Recently, Netflix released a reality dating show: Indian Matchmaking, following Mumbai matchmaker Sima Taparia as she sets up Indian couples around the world.
As an Indian American, I was skeptical to watch the show and its take on arranged marriage within today’s modern Indian community. Though Indian Matchmaking is an enjoyable watch like so many other reality shows, there are definite issues that need to be recognized, especially with the social system that the show brings to light.
Indian Matchmaking focuses on a few singles from different places, like New Jersey, Texas, and Mumbai. They all have vastly different personalities and tastes in dating profiles, but with the help of astrologers, fellow matchmakers and photoreaders, Sima Taparia aims to find them all viable matches based on their criterias. She shows each of the singles “biodatas,” reports that include every potential match’s interests, physical details and photographs.
We are wrapped into the world of the matchmaker and all of the different hopefuls trying to find an ultimate partner. One thing the show does well is enticing the viewer – it’s a reality show, after all. There’s the usual intrigue and drama of ghosting, awkward silences and failed dates. It also manages to avoid and change expectations of arranged marriage, as it shows a modern view on the subject and how different it is than we may expect. Some view it as an expectation the couple doesn’t choose for themselves or a hurtful practice. In some cases that’s very true, but there are others who are willing to give it a try. Many examples shown in the show represent a contemporary culture, challenging our notions about the traditions of an arranged marriage.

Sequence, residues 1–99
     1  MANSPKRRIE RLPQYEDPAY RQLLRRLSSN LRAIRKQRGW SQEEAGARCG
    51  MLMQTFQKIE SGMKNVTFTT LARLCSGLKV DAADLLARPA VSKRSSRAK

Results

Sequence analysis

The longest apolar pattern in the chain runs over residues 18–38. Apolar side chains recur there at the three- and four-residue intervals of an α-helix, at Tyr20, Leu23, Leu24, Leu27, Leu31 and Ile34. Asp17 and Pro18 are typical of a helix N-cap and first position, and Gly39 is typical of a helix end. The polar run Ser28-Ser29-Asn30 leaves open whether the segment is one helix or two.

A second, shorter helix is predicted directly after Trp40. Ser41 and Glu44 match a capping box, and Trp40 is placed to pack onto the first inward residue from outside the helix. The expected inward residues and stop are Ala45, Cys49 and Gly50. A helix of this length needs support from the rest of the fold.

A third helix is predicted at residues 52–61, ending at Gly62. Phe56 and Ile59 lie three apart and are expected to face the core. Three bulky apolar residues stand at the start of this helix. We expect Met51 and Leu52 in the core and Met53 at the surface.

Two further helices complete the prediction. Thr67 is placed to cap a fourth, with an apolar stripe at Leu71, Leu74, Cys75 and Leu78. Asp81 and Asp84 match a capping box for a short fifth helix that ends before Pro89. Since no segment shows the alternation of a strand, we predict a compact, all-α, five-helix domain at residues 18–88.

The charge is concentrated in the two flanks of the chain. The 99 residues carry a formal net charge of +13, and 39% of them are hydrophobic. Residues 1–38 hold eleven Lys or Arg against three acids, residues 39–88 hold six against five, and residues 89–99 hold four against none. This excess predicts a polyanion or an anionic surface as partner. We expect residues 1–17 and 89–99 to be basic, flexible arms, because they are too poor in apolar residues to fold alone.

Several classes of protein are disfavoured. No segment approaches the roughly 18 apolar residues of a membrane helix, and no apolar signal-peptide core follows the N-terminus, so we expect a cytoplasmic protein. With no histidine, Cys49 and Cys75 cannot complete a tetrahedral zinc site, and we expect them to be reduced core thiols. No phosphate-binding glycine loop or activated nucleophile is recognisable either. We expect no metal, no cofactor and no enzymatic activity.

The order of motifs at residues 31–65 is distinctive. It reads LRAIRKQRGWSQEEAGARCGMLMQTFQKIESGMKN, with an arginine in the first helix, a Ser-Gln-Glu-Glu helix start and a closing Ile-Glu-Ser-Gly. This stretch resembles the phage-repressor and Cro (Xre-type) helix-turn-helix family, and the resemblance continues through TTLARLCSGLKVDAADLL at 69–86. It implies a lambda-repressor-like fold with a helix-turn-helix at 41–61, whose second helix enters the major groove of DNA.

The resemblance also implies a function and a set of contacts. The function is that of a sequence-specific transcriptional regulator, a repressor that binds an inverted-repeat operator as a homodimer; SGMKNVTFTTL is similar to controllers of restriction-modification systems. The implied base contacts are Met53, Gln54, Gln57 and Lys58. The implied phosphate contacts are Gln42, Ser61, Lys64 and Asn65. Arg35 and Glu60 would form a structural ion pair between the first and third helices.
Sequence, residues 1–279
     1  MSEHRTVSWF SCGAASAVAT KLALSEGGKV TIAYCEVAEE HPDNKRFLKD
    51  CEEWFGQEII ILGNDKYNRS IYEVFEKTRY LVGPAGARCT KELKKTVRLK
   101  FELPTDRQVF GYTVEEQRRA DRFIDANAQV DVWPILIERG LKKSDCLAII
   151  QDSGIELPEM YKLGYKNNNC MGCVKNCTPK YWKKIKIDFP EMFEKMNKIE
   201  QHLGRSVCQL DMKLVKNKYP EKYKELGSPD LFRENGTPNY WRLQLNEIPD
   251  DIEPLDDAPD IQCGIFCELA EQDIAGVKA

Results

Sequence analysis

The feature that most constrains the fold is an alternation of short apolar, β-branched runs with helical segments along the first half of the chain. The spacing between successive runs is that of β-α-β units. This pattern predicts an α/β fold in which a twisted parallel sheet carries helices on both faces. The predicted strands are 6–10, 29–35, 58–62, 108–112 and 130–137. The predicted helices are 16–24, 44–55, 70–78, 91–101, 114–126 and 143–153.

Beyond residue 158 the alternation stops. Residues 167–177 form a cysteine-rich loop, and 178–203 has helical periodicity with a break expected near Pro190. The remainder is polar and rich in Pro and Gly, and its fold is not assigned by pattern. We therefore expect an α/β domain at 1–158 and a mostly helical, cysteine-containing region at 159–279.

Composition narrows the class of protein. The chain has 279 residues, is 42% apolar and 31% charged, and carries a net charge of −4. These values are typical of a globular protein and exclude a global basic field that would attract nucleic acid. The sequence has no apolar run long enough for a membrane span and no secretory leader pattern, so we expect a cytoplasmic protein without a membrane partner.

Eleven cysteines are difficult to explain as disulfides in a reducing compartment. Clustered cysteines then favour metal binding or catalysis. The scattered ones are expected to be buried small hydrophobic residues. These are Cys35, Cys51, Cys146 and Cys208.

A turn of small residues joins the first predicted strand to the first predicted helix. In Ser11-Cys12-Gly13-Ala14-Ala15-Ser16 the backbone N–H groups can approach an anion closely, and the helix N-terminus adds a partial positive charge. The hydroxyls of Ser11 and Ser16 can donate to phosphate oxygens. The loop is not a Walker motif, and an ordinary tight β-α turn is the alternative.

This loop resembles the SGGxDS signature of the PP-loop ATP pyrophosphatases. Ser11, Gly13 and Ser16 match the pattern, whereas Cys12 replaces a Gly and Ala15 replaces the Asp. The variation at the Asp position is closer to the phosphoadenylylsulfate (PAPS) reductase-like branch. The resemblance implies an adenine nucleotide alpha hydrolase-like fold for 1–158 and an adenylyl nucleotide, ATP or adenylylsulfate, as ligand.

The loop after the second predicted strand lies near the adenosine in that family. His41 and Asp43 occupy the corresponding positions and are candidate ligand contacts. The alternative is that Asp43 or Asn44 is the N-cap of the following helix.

Big issues with the show are body shaming, colorism, sexism, heteronormativity and casteism. For example, it comes across as a “fact” when Sima speaks of people wanting “slim” and “fair” partners. Such conversations are also primarily in reference to the women. Many members of the cast in Indian Matchmaking mention that women should be willing to move for their partner or they should be more lenient. Discrimination and stigmatism do need to be resolved because they are ingrained in the old traditions of our culture. It doesn’t help that the show doesn’t always refute these points, which makes it hard to watch especially when you belong to one of the many groups they shame on screen.
For all of its faults, I think it makes sense Indian Matchmaking captures these comments because this is the reality. This is the uncomfortable world many Indian people have to face when getting married and the impossible standards people hold for their children’s partners or their own. The show is sparking important conversation that needs to be had within the Indian society and within our own families.
I am Indian and I thought this was a fun watch. Overall, I liked seeing the main cast members as well as their complicated dating downfalls and successes. At the same time, as interesting as the show is, I have heard many of the remarks made in this show directed at me or others I know in real life, which was a bit difficult to witness. Indian Matchmaking glorifies problematic statements and I think we should all have a significant conversation about the societal issues the show raises.